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Numerous studies have reported an increase in prejudice against Muslims in recent years. Less research has investigated how this increase might be stemmed and relations between non-Muslims and Muslims improved. In this article, we address prejudice against Muslims from the perspective of intergroup contact theory. We conducted two cross-sectional studies to examine the relationship between non-Muslim students' experiences of contact with Muslims and their intergroup anxiety, outgroup attitudes, perceptions of outgroup variability and intergroup behavioural intentions. Study 1 (N=58) showed that frequent high-quality contact with Muslims predicted more positive outgroup attitudes, more perceived outgroup variability and more positive behavioural intentions. These associations were mediated by intergroup anxiety. Study 2 (N=60) replicated these effects and additionally showed that anxiety mediates the influence of extended contact on the same outcome measures. Discussion focuses on the implications of the results for strategies aimed at improving relations between non-Muslims and Muslims.
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Imagined intergroup contact (Crisp & R. Turner, 2009) is a new indirect contact strategy for promoting tolerance and more positive intergroup relations. In this chapter, we review existing research on imagined contact and propose two routes—cognitive and affective—through which it can exert a positive influence on contact-related attitudes and intentions. We first review research that has established the beneficial impacts of imagined contact on intergroup attitudes via reduced intergroup anxiety, supporting its efficacy as an intervention where there exists little or no opportunity for direct contact. We then review more recent research showing that imagined contact not only improves attitudes, but can also enhance intentions to engage in future contact. These studies suggest that contact imagery provides a behavioural script that forms the cognitive basis for subsequent judgements about future contact intentions. Collectively, the findings from this research programme support the idea that imagined contact can complement more direct forms of contact—providing a way of initially encouraging an interest in engaging positively with outgroups before introducing face-to-face encounters. We discuss the implications of these findings for future theory and research, and how they can inform prejudice-reduction interventions seeking to capitalise on the beneficial effects of mental imagery.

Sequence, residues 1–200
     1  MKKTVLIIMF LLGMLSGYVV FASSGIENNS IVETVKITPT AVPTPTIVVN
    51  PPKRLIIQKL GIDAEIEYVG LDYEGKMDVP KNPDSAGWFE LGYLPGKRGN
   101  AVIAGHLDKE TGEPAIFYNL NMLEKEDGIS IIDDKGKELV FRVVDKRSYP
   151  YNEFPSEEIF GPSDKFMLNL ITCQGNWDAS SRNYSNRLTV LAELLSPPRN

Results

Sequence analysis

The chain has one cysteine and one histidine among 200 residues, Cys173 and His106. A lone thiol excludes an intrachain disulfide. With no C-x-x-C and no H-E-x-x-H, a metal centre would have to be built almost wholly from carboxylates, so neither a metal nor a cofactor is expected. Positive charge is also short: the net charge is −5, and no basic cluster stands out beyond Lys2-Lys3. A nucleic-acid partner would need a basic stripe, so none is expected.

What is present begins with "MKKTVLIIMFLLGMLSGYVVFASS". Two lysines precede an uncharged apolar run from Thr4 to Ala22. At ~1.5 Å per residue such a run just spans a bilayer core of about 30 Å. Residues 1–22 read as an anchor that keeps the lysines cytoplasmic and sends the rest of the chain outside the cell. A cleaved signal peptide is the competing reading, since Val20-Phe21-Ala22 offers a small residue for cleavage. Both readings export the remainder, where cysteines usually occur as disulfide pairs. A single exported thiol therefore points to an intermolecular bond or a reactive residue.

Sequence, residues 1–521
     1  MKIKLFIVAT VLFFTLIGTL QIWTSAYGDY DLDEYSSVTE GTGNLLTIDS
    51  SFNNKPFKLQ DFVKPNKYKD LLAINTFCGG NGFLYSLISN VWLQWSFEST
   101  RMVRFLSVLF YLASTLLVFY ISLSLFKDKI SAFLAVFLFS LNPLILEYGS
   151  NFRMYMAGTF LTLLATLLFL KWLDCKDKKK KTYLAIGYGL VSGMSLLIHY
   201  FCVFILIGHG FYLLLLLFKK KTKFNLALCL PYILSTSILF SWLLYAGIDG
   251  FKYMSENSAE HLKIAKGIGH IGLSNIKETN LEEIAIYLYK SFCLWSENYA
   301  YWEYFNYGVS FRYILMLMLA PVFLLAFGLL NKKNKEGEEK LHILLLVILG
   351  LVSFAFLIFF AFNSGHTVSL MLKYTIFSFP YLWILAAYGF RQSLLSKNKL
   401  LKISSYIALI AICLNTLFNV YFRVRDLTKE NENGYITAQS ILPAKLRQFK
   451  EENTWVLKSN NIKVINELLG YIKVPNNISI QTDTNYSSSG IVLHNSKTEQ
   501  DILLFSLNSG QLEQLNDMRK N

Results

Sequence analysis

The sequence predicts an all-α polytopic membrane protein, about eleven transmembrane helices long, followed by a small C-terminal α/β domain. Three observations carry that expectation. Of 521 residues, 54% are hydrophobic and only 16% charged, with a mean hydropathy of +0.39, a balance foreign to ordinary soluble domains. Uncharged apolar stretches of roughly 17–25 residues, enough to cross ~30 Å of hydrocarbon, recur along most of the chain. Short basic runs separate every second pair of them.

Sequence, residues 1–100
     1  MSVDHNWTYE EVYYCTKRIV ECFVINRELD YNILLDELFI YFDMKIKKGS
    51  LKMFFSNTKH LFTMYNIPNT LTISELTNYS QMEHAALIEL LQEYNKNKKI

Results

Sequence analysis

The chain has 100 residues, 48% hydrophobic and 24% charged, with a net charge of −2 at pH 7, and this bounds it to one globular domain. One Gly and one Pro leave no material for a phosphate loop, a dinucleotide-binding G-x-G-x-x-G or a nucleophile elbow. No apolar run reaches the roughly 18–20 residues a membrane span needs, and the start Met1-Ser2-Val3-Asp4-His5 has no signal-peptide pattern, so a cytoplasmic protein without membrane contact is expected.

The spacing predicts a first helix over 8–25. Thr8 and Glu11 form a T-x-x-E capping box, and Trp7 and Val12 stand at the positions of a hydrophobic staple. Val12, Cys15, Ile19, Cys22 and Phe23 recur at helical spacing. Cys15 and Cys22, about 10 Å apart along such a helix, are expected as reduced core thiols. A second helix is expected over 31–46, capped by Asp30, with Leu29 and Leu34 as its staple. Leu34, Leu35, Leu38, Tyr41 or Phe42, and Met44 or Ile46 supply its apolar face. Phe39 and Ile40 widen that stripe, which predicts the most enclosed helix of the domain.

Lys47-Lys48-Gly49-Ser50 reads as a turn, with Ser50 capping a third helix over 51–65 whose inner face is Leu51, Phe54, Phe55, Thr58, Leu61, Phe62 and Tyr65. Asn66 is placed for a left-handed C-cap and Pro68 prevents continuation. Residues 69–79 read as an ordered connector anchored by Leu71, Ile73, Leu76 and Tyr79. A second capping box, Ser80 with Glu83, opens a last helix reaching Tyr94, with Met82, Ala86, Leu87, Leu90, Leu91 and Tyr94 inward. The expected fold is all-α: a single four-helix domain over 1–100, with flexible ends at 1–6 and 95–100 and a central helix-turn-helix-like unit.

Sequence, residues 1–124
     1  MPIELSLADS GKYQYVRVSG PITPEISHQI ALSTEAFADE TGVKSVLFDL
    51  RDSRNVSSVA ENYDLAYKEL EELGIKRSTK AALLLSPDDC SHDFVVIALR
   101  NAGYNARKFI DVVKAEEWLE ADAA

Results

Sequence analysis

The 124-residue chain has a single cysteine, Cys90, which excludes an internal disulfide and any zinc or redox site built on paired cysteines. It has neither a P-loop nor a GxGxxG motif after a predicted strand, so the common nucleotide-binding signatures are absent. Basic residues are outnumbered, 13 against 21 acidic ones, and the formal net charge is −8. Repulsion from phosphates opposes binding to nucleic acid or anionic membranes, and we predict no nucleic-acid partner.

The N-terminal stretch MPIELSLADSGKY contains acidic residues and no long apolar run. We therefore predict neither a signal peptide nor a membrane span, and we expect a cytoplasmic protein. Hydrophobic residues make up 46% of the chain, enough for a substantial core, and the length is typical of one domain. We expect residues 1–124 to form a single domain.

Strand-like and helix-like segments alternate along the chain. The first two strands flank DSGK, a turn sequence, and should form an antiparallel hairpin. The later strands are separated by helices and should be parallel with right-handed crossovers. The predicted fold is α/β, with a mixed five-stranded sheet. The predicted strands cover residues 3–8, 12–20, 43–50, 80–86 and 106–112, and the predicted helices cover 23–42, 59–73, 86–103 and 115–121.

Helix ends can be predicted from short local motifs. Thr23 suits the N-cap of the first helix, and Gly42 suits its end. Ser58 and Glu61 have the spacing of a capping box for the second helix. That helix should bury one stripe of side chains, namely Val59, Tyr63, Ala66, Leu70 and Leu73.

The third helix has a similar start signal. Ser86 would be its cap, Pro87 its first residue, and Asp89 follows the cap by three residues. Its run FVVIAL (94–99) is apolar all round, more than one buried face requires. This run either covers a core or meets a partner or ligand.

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The extended contact hypothesis proposes that knowledge that an in-group member has a close relationship with an out-group member can lead to more positive intergroup attitudes. Proposed mechanisms are the in-group or out-group member serving as positive exemplars and the inclusion of the out-group member's group membership in the self. In Studies 1 and 2, respondents knowing an in-group member with an out-group friend had less negative attitudes toward that out-group, even controlling for dispositional variables and direct out-group friendships. Study 3, with constructed intergroup-conflict situations (on the robbers cave model), found reduced negative out-group attitudes after participants learned of cross-group friendships. Study 4, a minimal group experiment, showed less negative out-group attitudes for participants observing an apparent in-group–out-group friendship. (PsycINFO Database Record (c) 2012 APA, all rights reserved)
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Researchers who study perspective taking are generally optimistic about the potential for interventions to improve intergroup perceptions. The current research provides new insight into the conditions that frame the intergroup outcomes of perspective taking. The results show that the effects of perspective taking are not always positive but depend on perspective takers' degree of identification with the in-group. In two experiments, we demonstrated that adopting the perspective of an out-group member can have damaging effects on intergroup perceptions among group members who are highly identified with the in-group. Specifically, compared with less committed members, those who identified highly with the in-group used a greater number of negative traits to describe the out-group following perspective taking. Such perspective taking also led participants with high in-group identification to judge the out-group less favorably. Understanding how social identity concerns frame the outcome of perspective taking is crucial to its effective employment in intergroup-relations programs.
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Recent years have witnessed a renewal of interest in intergroup contact theory. A meta-analysis of more than 500 studies established the theory's basic contention that intergroup contact typically reduces prejudices of many types. This paper addresses the issue of process: just how does contact diminish prejudice? We test meta-analytically the three most studied mediators: contact reduces prejudice by (1) enhancing knowledge about the outgroup, (2) reducing anxiety about intergroup contact, and (3) increasing empathy and perspective taking. Our tests reveal mediational effects for all three of these mediators. However, the mediational value of increased knowledge appears less strong than anxiety reduction and empathy. Limitations of the study and implications of the results are discussed. Copyright © 2008 John Wiley & Sons, Ltd.